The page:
Genetically using a person’s own immune cells to target cancer appears to virtually kill multiple myeloma, a blood cancer being diagnosed more frequently, according to an early trial from China.
The therapy, called CAR T-cell therapy, caused 33 of 35 patients with recurring multiple myeloma to enter full remission or have a significant reduction in their disease within two months.
In a second study, developed by the National Cancer Institute, nearly two dozen patients responded well to the treatment.
Experts at an American Society of Clinical Oncology conference in Chicago, where the results were announced last week, say though both studies were small, this is a first for multiple myeloma.
The results are “impressive,” said Len Lichtenfeld, M.D., deputy chief medical officer of the American Cancer Society. “These are patients who have had prior treatment and had their disease return, and 100 percent of the patients are reported to have had some form of meaningful response to these cells that were administered.”
For the new therapy, custom-designed for each patient, doctors collect the patient’s T-cells—one of the immune system’s main cell types—and genetically reprogram them to attack abnormal multiple myeloma cells.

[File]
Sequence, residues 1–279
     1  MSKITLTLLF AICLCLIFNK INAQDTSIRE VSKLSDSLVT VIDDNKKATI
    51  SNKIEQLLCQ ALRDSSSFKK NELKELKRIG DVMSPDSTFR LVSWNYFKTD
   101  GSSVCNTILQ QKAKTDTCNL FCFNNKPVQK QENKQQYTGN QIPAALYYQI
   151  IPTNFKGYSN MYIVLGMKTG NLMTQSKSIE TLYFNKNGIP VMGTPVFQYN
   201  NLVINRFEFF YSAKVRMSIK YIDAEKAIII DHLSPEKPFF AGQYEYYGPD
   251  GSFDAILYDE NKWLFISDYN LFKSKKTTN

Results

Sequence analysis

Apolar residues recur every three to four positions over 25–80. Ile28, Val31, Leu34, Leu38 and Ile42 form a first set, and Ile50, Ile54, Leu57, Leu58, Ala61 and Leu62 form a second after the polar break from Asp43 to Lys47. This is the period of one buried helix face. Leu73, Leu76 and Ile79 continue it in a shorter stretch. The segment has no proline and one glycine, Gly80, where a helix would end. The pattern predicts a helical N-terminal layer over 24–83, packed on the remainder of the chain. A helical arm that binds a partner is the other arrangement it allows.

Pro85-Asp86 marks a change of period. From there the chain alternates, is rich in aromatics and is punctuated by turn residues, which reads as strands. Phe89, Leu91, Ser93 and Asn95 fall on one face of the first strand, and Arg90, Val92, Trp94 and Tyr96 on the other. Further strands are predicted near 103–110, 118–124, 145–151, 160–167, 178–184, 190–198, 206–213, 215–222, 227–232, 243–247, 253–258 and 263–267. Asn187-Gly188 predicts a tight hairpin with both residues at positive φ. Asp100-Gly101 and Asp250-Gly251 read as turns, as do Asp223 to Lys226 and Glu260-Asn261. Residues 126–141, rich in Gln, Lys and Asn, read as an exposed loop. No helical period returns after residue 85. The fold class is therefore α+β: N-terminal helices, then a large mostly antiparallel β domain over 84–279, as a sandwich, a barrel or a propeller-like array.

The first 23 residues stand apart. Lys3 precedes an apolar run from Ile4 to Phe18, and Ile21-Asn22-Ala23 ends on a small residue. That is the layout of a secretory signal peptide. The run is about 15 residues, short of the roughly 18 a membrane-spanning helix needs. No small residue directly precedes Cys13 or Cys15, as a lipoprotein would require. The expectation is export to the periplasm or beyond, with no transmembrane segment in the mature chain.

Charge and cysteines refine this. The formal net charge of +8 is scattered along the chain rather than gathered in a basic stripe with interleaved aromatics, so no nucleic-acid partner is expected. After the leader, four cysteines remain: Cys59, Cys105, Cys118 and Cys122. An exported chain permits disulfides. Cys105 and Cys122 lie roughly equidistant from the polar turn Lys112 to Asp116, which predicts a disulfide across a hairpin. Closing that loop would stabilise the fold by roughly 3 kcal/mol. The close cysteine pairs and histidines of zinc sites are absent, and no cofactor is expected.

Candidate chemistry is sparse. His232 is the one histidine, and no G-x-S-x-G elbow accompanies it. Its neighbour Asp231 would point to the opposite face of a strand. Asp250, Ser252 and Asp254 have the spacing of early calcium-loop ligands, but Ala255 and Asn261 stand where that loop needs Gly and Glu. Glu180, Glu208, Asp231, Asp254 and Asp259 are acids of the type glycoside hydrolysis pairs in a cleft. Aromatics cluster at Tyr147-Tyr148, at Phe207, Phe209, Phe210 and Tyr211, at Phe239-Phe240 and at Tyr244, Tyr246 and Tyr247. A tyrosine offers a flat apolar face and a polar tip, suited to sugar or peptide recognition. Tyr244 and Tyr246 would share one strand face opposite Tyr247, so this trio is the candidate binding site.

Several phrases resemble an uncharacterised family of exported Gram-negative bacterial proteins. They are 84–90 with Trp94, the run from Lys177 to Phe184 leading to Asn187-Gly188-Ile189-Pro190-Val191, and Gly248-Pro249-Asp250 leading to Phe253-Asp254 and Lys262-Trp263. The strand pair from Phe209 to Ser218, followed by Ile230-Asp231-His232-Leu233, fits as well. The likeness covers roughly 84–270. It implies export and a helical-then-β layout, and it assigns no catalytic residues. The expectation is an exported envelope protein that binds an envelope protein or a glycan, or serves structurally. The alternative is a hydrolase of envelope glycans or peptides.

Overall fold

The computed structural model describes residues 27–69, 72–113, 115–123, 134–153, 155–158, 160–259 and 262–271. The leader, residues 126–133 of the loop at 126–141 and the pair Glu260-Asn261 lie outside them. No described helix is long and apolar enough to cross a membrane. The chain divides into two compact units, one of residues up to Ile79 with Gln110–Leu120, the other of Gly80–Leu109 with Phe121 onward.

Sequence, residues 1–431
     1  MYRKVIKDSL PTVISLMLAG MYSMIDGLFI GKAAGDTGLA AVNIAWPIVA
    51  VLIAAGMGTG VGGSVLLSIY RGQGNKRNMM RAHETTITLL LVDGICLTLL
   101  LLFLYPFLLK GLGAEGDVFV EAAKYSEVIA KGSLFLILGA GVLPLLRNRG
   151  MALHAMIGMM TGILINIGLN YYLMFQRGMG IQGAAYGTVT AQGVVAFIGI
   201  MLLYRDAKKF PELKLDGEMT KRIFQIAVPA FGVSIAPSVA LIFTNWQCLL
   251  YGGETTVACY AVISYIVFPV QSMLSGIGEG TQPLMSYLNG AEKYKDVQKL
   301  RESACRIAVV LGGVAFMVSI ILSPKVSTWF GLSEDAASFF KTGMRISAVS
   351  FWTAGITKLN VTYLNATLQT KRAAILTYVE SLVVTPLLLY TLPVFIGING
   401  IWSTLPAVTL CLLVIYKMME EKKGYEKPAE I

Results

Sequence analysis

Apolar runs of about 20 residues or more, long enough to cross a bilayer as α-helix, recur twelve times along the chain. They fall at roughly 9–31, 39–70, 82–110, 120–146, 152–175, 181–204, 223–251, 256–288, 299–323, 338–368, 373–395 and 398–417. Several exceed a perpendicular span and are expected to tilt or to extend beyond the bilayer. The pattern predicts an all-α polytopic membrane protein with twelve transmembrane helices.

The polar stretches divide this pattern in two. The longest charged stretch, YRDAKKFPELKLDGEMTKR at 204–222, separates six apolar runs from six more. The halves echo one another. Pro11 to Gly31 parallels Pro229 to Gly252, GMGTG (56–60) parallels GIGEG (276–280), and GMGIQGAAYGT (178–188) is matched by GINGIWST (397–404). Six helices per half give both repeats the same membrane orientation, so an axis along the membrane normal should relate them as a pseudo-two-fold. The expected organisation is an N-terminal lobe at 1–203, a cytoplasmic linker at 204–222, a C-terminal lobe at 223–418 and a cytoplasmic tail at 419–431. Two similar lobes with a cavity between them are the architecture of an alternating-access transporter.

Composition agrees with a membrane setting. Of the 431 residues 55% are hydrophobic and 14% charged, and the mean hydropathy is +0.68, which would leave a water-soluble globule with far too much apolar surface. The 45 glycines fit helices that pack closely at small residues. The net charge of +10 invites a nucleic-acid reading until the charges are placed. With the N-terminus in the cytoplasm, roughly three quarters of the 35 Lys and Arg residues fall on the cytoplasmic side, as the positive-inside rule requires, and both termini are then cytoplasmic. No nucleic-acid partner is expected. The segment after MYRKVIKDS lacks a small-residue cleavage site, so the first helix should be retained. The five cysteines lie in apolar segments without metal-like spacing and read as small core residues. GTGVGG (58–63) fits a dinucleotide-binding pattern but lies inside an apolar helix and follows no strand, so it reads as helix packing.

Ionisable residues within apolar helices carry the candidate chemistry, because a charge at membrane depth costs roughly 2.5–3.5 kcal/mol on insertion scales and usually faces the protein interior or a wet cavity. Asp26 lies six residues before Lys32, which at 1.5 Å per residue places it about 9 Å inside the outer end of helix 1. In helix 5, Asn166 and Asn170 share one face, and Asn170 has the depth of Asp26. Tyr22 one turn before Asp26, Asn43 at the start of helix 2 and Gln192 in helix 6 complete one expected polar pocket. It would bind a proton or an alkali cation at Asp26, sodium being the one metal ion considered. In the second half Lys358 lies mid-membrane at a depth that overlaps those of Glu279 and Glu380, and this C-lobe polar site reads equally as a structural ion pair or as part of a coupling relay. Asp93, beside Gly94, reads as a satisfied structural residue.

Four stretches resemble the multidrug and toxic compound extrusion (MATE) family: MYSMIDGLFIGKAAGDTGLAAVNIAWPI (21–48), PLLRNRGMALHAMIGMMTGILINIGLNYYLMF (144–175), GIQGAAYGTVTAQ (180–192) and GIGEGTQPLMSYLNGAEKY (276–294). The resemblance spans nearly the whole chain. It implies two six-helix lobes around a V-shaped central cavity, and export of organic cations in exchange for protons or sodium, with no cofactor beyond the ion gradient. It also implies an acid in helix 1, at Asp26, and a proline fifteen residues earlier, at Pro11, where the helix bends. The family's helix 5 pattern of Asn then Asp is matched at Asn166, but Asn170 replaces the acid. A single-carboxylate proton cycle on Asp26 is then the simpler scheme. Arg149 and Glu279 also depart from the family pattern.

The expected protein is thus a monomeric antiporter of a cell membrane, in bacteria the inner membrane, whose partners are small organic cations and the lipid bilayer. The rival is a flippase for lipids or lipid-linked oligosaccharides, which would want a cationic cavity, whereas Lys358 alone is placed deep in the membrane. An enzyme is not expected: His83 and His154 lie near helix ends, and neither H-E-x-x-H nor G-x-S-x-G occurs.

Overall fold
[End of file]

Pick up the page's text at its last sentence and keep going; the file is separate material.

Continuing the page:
The process is like a GPS, said lead researcher Wanhong Zhao, M.D., associate director of hematology at the Second Affiliated Hospital of Xi’an Jiaotong University in Xi’an, China. Immune cells are steered to cancer cells, making them assassins that never miss their target.
“The theory is [altered T-cells] should attack the tumor and continue to grow to become a long-term monitoring and treatment system,” Dr. Lichtenfeld said.
The technology represents the next step forward in immunotherapy for cancer, said Michael Sabel, M.D., chief of surgical oncology at the University of Michigan. “Immunotherapy is now really providing hope to a lot of patients with cancers that were not really responding to our standard chemotherapies.”
Historically, such therapies tend to be very expensive, Dr. Lichtenfeld said, and experts don’t see CAR-T breaking that cycle, should it receive approval. But it’s still early and much more research will be needed before that step.
The Chinese research team plans to continue the study with 100 patients at four hospitals in China. And a similar clinical trial will take place in the U.S. by 2018.
Multiple myeloma affects plasma cells, which make antibodies to fight infection. More than 30,000 cases occur each year in this country, with more than 115,000 worldwide. It’s the second-fastest growing cancer for men and the third for women, rising 2 percent to 3 percent per year, according to the NCI. Between 60,000 and 70,000 Americans have the blood cancer now, and only about 50 percent of them live five years after diagnosis.
This piece originally appeared on BlackHealthMatters.com.